His comments come amid concern that armed gangs could try to take advantage of the situation to re-take control of areas now patrolled by UN peacekeepers.
But the presence of foreign soldiers is seen as an insult to many who remain deeply loyal to Jean-Bertrand Aristide, Haiti's former president, whose second term ended when he was ousted in a coup in 2004.
|Haiti reopens airport after quake February 20, 2010
The first commercial passenger flight since the earthquake hit Haiti on January 12 has arrived.
Although Haiti's airport was damaged in the quake, it remained operational with the help of the US military.
|Haitian former rebel leader slams quake response February 26, 2010
Haiti's most notorious former rebel leader has criticised the government's response to the January 12 earthquake and has called on Rene Preval, the Haitian president, to resign.
In an exclusive interview with Al Jazeera, fugitive rebel leader Guy Philippe says the Haitian government failed to adequately deal with the aftermath of the devastating quake.
|Haiti battles growing crime wave March 17, 2010
Survivors of January's massive earthquake in Haiti are facing a growing tide of violent crime, especially in the tent cities that shelter the tens of thousands made homeless by the disaster.
Violent crime was a problem in Haiti even before January's earthquake, but since then Haitian officials say there has been an increase in shootings and sexual assaults.
In some neighbourhoods residents have formed special brigades to try and ensure security.
|Profiting from Hatiti's disaster? March 22, 2010
Millions of dollars from around the world are pouring into Haiti to provide basic aid for the earthquake-devastated nation. Millions of dollars in foreign investments are also flowing into the country to help it rebuild and shape its future.
However, many Haitians see the expansion of foreign companies as a way to take advantage of the widespread poverty plaguing the country, where the unemployment rate is up to 80 per cent.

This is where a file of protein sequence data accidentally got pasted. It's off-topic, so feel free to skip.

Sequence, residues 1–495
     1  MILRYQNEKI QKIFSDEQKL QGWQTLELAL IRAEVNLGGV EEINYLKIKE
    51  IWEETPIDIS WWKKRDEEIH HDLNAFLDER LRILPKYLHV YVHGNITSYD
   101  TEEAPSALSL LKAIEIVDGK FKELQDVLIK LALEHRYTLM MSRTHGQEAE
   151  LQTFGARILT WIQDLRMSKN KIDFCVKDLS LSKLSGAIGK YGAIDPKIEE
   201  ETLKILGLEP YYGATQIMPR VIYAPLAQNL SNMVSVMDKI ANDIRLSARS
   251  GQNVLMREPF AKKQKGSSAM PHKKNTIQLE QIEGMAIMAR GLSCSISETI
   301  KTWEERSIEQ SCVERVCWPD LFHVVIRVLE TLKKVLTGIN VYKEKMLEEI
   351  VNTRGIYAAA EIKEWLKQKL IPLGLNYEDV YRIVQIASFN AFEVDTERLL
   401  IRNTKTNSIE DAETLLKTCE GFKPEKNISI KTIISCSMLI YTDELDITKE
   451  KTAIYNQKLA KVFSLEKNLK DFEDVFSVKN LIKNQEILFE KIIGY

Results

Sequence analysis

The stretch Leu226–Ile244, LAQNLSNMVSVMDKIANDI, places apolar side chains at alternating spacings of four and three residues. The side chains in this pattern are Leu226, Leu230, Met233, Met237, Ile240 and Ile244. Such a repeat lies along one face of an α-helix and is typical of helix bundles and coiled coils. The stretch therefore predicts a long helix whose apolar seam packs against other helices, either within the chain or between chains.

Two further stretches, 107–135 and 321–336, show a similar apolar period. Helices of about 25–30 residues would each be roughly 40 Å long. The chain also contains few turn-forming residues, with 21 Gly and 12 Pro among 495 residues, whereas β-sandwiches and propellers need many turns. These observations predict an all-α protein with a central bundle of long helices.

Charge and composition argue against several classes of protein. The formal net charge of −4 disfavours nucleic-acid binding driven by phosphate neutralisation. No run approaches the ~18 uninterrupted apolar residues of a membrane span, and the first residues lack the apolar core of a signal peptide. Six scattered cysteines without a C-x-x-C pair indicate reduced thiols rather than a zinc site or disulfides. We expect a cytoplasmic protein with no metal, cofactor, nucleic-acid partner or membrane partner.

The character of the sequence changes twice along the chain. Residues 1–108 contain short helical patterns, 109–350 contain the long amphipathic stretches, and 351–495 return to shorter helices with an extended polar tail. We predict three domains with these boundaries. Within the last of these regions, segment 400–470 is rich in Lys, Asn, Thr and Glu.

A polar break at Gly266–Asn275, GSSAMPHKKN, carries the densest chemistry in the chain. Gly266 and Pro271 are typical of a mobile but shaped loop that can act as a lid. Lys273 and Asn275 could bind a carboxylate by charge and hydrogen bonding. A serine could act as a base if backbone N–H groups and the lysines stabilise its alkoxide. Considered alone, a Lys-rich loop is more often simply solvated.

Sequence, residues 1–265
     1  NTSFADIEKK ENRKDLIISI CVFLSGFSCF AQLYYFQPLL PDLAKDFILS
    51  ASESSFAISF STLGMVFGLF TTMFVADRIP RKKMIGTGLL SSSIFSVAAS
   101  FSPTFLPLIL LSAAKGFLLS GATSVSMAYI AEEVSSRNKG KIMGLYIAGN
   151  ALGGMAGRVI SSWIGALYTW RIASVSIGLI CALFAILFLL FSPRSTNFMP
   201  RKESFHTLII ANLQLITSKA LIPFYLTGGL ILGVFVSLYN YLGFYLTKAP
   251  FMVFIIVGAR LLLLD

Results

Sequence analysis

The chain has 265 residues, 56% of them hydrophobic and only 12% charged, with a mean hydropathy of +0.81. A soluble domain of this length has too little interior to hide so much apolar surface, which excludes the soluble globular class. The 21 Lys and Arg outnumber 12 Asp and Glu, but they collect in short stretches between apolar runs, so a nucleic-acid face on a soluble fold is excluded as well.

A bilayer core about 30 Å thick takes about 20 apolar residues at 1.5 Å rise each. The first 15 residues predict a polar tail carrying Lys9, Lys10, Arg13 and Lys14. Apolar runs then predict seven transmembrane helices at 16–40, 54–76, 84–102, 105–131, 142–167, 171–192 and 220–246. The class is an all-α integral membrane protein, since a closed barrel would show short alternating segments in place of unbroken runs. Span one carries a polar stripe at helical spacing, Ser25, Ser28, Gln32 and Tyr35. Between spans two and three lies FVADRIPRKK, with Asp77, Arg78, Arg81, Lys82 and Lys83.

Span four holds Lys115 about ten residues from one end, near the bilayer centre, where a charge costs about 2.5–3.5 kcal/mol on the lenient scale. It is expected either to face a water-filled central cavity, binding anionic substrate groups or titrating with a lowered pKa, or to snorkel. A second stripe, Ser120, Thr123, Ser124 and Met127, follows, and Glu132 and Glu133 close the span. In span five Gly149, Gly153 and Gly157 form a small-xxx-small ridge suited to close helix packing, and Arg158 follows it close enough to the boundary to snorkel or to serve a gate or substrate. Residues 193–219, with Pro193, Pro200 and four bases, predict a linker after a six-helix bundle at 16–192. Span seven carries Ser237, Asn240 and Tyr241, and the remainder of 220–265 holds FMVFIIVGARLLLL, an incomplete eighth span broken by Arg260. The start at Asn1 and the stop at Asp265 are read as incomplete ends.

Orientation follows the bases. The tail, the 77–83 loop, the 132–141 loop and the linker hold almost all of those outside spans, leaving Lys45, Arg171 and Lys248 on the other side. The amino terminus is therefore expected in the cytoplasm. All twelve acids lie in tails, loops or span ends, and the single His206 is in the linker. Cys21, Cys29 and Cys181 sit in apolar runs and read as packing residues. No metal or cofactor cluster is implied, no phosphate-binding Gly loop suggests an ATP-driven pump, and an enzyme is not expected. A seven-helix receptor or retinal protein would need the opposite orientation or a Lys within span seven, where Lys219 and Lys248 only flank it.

The exploitation concerns come as former US presidents Bill Clinton and George Bush prepare to visit the Caribbean nation on Monday to discuss long-term recovery efforts with Haitian officials.
And a part of their plans will be to discuss the expansion of clothing industries in the country - in which workers earn less than $4 a day - one of the lowest wages in the world.
|Tough going for Haiti amputees as they rebuild lives March 29, 2010
An estimated 4,000 people in Haiti had an arm or leg amputated after being trapped in the rubble following January's massive earthquake.
Al Jazeera's Sebastian Walker reports from the capital Port-au-Prince on a whole generation of new amputees who will be needing months, or even years, of rehabilitation as they battle to rebuild their lives.
|Haiti farmers sceptical of UN aid March 29, 2010
Ban Ki-moon, the UN secretary-general, is calling on the international community to "create a new Haiti" out of the wreckage left by January's devastating earthquake.
Representatives of more than 100 countries are due to gather for an international donors' conference at the United Nations on Wednesday, where they will shift the focus from humanitarian efforts to long-term recovery and developmental goals.
One of the key objectives is to reform and rejuvenate Haiti's agricultural system to allow farmers to increase food production and cut imports of rice, sugar and poultry.
However, in Haiti's agricultural bread basket, some farmers are worried that they will not get the help they need to expand food production and feed their country.
|Haitians sceptical of foreign aid March 31, 2010
The divide between aid workers and quake victims is increasing in Port-au-Prince.
|Storms threaten Haiti survivors April 12, 2010
Three months after the Haiti earthquake there are concerns that the approaching hurricane season could bring another humanitarian disaster to Haiti.
The coming storms will put many of Haiti's estimated one million homeless at risk, unless safe shelter for them can be found. But as Al Jazeera's Sebastian Walker reports, some say those in charge are not moving fast enough.
|Colourful bus rides in Haiti April 18, 2010